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I am trying different congestion control algorithms for getting maximum throughput and minimum delay across my setup for TCP flow. Please suggest other available algorithms apart from

Veno, Westwood, Reno and Cubic

whose implementation (or kernel modules) are freely available on the Internet. And also suggest if there is some other way of obtaining higher throughput in TCP runs between Linux (Fedora) and Windows 7's TCP protocol stack at different ends.

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    Which one would be the sender? Linux or Windows? Congestion control always just affects one direction and you don't have to configure it symmetrically. – artistoex Apr 3 '13 at 23:44
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BBR :).

If the packet loss rate is below 15% then BBR is able to fully utilize the path (reaching link_bandwidth*(1 - loss_rate)). This 15% threshold is a design parameter, rather than a fundamental limit

I'm struggling to explain the exact significance of this. Here's Eric Dumazet:

Compared to Cubic, there is 2 to 4 orders of magnitude difference on lossy environments.

Example of 100ms rtt, and 1% packet loss. Cubic performs very badly there.

$ netperf -H 10.246.7.152 -l 30 -- -K cubic
MIGRATED TCP STREAM TEST from 0.0.0.0 (0.0.0.0) port 0 AF_INET to 10.246.7.152 () port 0 AF_INET
Recv   Send    Send                          
Socket Socket  Message  Elapsed              
Size   Size    Size     Time     Throughput  
bytes  bytes   bytes    secs.    10^6bits/sec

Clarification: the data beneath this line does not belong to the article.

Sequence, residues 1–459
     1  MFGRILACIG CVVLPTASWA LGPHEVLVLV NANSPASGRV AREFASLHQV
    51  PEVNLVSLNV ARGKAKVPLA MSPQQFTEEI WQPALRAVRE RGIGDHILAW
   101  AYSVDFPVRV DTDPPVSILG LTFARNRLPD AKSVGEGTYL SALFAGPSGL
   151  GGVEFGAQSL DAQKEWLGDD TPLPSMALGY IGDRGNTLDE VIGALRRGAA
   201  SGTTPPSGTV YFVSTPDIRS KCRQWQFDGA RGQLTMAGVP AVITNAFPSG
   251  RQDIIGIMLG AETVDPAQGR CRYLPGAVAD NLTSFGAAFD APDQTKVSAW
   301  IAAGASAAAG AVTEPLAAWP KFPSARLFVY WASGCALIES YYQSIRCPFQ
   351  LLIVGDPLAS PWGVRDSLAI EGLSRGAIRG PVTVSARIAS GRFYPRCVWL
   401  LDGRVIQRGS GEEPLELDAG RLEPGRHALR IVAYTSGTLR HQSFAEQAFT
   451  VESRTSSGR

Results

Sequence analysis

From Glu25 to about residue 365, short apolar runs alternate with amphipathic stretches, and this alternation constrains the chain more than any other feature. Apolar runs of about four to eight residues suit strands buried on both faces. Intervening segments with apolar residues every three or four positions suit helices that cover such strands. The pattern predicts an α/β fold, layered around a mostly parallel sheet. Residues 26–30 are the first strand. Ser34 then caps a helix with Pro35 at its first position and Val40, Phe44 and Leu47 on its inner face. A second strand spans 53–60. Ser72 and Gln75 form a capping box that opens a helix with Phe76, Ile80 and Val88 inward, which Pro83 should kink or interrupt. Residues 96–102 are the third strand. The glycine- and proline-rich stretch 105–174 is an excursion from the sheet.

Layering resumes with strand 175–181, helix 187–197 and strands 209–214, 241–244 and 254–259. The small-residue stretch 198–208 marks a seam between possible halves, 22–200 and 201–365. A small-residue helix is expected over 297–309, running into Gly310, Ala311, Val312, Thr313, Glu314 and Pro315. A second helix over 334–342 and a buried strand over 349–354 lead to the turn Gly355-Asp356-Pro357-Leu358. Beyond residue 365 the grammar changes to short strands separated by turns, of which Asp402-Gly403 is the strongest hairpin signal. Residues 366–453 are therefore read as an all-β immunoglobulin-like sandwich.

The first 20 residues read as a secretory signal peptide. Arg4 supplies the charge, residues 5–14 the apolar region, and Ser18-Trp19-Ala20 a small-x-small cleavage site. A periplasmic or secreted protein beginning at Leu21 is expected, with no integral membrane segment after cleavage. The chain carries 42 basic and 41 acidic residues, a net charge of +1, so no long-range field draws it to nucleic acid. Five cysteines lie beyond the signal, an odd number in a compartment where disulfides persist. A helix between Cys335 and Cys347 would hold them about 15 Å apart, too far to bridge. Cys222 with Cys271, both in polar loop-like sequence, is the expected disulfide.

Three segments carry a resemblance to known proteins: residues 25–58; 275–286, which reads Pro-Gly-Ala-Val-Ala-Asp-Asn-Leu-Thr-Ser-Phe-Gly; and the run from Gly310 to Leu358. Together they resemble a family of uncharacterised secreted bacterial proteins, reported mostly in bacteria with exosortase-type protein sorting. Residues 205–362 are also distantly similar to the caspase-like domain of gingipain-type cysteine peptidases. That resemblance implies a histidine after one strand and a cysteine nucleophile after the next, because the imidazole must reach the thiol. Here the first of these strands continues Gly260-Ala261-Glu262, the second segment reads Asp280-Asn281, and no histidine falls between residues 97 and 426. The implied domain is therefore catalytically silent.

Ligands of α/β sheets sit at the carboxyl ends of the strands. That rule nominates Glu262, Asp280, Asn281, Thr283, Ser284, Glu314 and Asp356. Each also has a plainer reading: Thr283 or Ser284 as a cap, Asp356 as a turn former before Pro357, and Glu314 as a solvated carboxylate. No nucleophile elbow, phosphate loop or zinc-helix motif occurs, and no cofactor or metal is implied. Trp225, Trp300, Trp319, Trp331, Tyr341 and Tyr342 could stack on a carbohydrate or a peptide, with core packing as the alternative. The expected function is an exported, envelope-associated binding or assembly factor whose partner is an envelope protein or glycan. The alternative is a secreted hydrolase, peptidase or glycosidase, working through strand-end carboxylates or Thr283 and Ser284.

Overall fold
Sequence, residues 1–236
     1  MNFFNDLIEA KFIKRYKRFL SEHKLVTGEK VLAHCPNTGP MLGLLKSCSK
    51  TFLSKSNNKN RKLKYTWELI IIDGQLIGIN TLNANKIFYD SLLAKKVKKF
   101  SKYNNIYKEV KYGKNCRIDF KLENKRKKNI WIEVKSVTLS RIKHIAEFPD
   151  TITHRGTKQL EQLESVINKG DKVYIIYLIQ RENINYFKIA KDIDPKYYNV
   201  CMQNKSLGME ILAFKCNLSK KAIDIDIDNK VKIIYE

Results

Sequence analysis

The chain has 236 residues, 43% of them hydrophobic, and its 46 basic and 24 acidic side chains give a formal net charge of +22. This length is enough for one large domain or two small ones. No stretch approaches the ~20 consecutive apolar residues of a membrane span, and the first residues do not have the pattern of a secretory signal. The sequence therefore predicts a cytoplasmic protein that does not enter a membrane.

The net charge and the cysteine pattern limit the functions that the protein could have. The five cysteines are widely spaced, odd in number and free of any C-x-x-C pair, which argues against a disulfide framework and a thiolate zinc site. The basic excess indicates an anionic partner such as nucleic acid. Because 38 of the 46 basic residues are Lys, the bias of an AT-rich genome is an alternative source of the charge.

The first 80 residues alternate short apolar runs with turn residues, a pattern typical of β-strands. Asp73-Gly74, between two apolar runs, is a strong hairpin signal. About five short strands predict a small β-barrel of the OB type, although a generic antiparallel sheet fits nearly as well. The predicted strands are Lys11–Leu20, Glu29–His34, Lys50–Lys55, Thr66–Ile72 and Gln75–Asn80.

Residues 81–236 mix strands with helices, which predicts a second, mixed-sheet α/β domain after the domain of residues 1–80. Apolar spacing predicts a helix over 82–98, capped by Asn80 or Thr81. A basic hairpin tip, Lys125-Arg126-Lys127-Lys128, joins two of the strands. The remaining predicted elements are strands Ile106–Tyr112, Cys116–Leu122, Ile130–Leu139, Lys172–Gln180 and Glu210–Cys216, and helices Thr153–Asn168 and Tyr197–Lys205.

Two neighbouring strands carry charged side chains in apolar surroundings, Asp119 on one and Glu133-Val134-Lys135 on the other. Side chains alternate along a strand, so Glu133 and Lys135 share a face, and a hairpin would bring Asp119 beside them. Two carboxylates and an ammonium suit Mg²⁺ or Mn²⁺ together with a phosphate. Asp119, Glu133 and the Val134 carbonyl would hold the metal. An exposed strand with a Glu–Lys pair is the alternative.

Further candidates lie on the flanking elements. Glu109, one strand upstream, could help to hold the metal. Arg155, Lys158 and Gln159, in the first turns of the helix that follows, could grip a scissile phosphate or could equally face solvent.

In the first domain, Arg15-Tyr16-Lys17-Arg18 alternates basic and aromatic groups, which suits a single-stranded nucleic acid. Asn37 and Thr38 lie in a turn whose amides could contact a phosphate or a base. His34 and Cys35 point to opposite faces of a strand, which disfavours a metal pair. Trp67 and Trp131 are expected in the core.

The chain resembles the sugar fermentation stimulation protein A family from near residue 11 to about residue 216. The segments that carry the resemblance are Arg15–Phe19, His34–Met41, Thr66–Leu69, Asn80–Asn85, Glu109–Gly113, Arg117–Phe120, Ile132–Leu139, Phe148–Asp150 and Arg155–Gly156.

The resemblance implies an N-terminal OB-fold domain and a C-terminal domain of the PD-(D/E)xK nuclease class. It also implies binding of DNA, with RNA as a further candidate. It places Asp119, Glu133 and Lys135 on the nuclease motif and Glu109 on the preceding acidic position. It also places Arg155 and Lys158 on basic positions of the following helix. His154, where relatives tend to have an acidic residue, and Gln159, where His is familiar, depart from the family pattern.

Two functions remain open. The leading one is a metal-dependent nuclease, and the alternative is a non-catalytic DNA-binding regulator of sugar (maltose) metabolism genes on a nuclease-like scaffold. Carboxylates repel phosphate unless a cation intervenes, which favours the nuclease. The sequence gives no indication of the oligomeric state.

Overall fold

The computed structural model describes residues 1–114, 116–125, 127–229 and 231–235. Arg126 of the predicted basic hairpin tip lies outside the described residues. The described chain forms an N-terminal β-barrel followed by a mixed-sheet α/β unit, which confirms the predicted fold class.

87380  16384  16384    40.00       3.27   

$ netperf -H 10.246.7.152 -l 30 -- -K bbr  
MIGRATED TCP STREAM TEST from 0.0.0.0 (0.0.0.0) port 0 AF_INET to 10.246.7.152 () port 0 AF_INET
Recv   Send    Send                          
Socket Socket  Message  Elapsed              
Size   Size    Size     Time     Throughput  
bytes  bytes   bytes    secs.    10^6bits/sec  

 87380  16384  16384    30.25    9150.01

Third-party testing revealed / elicited an explanation that the current code expects a full buffer (BDP) at the bottleneck, if there is any competition. This is a known target for further improvement. If the condition is not met, it drives up the loss rate. Then traditional TCP's will basically starve.

If there is more buffer than 1 BDP, BBR flows will co-operate to avoid filling excess buffer, hence capping queuing delay as you requested. Traditional TCP's tend to fill the whole buffer. When both are competing, BBR cannot magically fix the behaviour of the traditional TCP flows, however I don't think this hurts BBR in any other way.

If the condition mentioned above is not met, application latency will suffer (having to retransmit lost packets).

https://groups.google.com/forum/#!forum/bbr-dev

https://www.google.co.uk/search?q=tcp-bbr

[PATCH v4 net-next 00/16] tcp: BBR congestion control algorithm

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Relentless TCP would be the most relentless TCP you could get.

  • The internet would like to take this opportunity to thank you for not testing TCP Relentless on it :-P. – sourcejedi Sep 24 '16 at 14:57

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